New laws would impose a tax of 0.015 cents per ounce on sugary drinks like sodas, energy drinks, and sports drinks.
If you live in DC and need that extra jolt from a Red Bull or Mountain Dew, you might pay quite a bit more to hit the counter when a newly introduced tax is passed.
Legislation before the DC Council would impose an excise duty of 0.015 cents per ounce on sugary beverages such as sodas, energy drinks, and sports drinks. The price of a 12 pack of Coke would go over $ 2.
It’s called the Nutrition Equity Bill, and proponents claim it will discourage residents from buying sugary drinks and choosing healthier options, especially in low-income areas of northeast and southeast DC, where obesity and diabetes are diagnosed at high rates.
Councilor Mary Cheh, a sponsor of the bill, told WTOP, “This excise tax would be applied directly to the product. This makes it clear to the buyer that it is more expensive than it was. “
Cheh said she hopes the bill specifically targets the kids’ habits:
“We have a serious problem, especially with children who are overweight or obese, and the medical community says if they do, it is likely that they will remain overweight into adulthood with all sorts of medical problems. And the CDC has said that if you tried a single policy to fight childhood obesity, a soda tax would be that there is a direct link between the amount of soda kids drink and this whole weight gain issue. “
The bill stipulates that all homeless shelters in the district must offer more nutritious meals that meet the nutritional guidelines for Americans. Cheh said the proceeds from the new soda tax would fund this new initiative directly. In addition, grants are provided to support nutrition education, cooking classes, and gardens in family and transitional shelters.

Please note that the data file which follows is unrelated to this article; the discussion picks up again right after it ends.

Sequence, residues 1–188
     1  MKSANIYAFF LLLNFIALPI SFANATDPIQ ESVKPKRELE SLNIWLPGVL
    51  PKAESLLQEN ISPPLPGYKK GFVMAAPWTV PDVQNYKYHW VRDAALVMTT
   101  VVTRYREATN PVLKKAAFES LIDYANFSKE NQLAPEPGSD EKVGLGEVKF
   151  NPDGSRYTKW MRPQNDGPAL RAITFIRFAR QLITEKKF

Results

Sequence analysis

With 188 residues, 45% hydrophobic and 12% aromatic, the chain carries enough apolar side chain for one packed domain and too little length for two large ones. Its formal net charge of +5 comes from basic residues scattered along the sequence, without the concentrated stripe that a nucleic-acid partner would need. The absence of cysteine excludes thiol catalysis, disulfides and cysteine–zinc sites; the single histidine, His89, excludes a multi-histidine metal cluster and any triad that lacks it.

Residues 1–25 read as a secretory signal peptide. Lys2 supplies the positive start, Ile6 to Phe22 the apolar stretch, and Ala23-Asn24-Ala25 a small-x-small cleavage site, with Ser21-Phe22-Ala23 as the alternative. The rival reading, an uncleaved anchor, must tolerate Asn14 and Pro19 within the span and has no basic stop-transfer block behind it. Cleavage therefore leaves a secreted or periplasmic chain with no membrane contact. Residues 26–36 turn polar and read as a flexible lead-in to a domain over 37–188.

In a press release on the bill, supporters point to similar measures in both Philadelphia and Berkley to reduce sugary beverages consumption.
A study conducted at the University of California at Berkeley after the city passed its soda tax found that residents reduced their consumption of soft drinks compared to comparable cities.
In 2019, a similar bill was narrowly rejected in the DC Council.
At the time, opponents said the tax would harm local grocery stores by encouraging shoppers to leave DC and shop in Maryland or Virginia. Opponents also claim that a consumption tax on sodas is regressive and would hit poorer residents disproportionately.
An analysis conducted by the National Bureau of Economic Research found that while the Philadelphia soda tax reduced the amount of sugary beverages purchased in the city, it increased shopping opportunities outside of the city.
And while this study found that children who drank large amounts of soda decreased their consumption, “Overall, they” found “generally no demonstrable effects of the tax on children’s beverage consumption”.
A similar study conducted by the Carlson School at the University of Minnesota found that soft drink consumption decreased by 22%, but found no “significant reduction in calorie or sugar intake.”
Six members of the DC Council sponsored the bill, which means that only one other member would have to vote yes to pass the bill.
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